Neglect is more common and severe at extreme hemoglobin levels in right hemispheric stroke

Rebecca F. Gottesman, Zainab Bahrainwala, Robert J. Wityk, Argye E. Hillis

Research output: Contribution to journalArticlepeer-review


Background and Purpose-: Anemia is 1 potential mechanism by which the brain receives inadequate oxygenation. The purpose of this study was to determine in acute stroke patients whether lower hemoglobin values were associated with worse hemispatial neglect. Methods-: In 203 subjects, neglect testing batteries were administered within 24 hours of admission for acute right hemispheric stroke. We analyzed the error rate on each test as well as "any neglect" (z score ≥2 on any of 3 selected tests compared with normal controls), as predicted by hemoglobin level, with adjustment for infarct size, National Institutes of Health Stroke Scale score, age, and sex. Results-: The association between hemoglobin and neglect varied on the basis of hemoglobin level. At lower hemoglobin levels (<12 g/dL), each 1-point higher hemoglobin value was protective (adjusted odds ratio=0.56; 95% CI, 0.35 to 0.89) from having "any neglect." However, for a hemoglobin value >14 g/dL, each 1-point higher hemoglobin value was associated with higher odds of having neglect (adjusted odds ratio=1.67; 95% CI, 1.09 to 2.57). Similar relations were found for predicted error rate on the horizontal line bisection, line cancellation, and copy Ogden scene neglect tests. These relations seemed to be more pronounced in individuals who had a diffusion/perfusion mismatch. Conclusions-: Lower and higher hemoglobin levels were each associated with increased odds of neglect and with worse severity of neglect, independent of stroke size and severity. Higher hemoglobin values may represent dehydration or hyperviscosity. The importance of the extremes of hemoglobin in identifying individuals at risk for worse functional consequences of stroke warrants further study.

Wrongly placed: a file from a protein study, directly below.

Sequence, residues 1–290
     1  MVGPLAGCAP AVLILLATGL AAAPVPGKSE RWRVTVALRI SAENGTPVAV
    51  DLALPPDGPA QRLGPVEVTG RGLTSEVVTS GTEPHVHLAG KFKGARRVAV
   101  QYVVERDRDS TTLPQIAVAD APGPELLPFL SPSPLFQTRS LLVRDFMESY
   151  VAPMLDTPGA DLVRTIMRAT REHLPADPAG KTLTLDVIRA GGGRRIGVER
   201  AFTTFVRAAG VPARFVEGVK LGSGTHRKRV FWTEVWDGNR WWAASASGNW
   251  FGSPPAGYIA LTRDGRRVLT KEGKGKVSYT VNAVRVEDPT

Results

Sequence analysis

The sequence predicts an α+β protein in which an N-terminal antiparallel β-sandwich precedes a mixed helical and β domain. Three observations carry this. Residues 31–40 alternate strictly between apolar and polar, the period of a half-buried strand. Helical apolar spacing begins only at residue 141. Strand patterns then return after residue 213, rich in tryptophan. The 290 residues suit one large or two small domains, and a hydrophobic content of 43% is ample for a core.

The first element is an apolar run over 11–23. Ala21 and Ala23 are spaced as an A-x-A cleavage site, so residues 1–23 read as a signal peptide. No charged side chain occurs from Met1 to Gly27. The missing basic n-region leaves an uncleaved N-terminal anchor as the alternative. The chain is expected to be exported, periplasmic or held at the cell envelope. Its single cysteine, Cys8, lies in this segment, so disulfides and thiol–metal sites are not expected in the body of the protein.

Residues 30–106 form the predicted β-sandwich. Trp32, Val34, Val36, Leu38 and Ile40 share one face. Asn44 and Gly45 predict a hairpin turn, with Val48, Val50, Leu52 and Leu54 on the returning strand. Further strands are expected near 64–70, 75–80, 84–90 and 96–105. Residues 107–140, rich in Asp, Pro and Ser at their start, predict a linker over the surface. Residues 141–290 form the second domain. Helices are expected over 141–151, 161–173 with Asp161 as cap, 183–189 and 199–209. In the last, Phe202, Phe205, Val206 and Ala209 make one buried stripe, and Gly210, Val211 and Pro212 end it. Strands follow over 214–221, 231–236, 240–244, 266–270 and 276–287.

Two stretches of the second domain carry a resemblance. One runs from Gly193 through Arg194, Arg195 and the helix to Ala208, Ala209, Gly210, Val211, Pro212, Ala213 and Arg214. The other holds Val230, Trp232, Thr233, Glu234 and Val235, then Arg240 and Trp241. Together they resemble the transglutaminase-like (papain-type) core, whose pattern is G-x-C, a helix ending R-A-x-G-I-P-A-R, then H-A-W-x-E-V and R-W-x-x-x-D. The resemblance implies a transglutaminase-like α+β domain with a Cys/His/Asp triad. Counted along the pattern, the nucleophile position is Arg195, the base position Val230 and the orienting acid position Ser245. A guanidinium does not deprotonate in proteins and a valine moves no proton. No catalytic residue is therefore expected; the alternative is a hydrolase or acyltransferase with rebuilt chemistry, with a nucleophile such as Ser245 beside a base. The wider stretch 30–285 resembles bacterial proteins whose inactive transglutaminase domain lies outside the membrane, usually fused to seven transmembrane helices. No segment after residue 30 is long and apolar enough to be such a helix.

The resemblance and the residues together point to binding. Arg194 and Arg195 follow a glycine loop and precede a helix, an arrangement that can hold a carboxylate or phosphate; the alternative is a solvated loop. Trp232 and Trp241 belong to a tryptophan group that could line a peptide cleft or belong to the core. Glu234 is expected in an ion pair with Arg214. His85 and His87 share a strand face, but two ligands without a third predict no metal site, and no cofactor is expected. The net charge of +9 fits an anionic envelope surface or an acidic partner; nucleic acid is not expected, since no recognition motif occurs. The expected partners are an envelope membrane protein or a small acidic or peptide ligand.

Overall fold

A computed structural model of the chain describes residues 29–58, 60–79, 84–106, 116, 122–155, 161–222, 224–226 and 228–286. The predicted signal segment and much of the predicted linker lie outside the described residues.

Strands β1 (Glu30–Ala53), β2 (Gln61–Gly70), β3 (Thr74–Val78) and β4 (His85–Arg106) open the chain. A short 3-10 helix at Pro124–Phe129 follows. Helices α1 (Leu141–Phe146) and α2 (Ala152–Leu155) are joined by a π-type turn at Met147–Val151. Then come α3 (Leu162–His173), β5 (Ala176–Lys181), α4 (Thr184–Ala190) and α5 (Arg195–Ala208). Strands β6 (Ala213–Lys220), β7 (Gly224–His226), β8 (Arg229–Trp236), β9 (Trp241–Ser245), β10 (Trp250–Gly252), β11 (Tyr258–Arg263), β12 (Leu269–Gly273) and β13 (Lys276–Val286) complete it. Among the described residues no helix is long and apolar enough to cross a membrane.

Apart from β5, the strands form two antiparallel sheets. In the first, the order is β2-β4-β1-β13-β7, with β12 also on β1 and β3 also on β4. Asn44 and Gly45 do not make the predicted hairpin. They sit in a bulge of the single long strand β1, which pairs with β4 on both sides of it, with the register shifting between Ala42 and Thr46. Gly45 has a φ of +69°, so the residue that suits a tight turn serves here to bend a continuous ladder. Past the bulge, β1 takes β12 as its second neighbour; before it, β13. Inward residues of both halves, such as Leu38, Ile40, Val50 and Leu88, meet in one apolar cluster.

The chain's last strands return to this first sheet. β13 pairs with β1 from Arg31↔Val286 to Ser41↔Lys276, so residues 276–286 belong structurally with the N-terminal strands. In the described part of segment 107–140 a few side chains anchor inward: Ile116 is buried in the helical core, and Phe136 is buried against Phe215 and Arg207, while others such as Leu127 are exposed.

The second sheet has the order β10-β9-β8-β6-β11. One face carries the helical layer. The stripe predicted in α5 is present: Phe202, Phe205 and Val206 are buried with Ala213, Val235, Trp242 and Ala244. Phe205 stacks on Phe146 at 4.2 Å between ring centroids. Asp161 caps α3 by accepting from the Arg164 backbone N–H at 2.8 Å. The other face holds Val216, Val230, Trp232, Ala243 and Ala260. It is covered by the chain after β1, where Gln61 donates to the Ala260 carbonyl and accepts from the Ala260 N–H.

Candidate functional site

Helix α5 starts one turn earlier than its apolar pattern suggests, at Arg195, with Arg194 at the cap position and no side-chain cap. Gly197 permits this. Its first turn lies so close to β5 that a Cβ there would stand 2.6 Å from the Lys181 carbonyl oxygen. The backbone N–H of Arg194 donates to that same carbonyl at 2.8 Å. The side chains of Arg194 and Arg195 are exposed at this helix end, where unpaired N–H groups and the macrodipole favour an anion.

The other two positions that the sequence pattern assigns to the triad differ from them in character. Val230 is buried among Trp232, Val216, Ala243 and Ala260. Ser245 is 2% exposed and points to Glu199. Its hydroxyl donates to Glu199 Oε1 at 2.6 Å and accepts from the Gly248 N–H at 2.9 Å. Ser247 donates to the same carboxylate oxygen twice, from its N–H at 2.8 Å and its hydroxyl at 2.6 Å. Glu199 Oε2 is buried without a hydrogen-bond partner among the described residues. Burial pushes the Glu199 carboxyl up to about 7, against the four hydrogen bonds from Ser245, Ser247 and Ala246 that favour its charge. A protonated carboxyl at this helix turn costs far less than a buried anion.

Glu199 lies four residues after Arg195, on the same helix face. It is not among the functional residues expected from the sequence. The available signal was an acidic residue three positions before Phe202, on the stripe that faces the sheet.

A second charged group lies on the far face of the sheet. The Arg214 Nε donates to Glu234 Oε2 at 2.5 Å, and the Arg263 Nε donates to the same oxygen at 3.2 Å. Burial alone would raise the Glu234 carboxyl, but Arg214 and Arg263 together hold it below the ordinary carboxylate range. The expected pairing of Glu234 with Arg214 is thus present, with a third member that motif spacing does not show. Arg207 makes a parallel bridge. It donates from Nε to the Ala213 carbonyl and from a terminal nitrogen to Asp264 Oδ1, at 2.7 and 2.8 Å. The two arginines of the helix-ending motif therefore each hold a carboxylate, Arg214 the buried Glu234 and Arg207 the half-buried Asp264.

Original languageEnglish (US)
Pages (from-to)1641-1645
Number of pages5
Issue number8
StatePublished - Aug 2010


  • anemia
  • cognition
  • neglect
  • stroke

ASJC Scopus subject areas

  • Clinical Neurology
  • Cardiology and Cardiovascular Medicine
  • Advanced and Specialized Nursing


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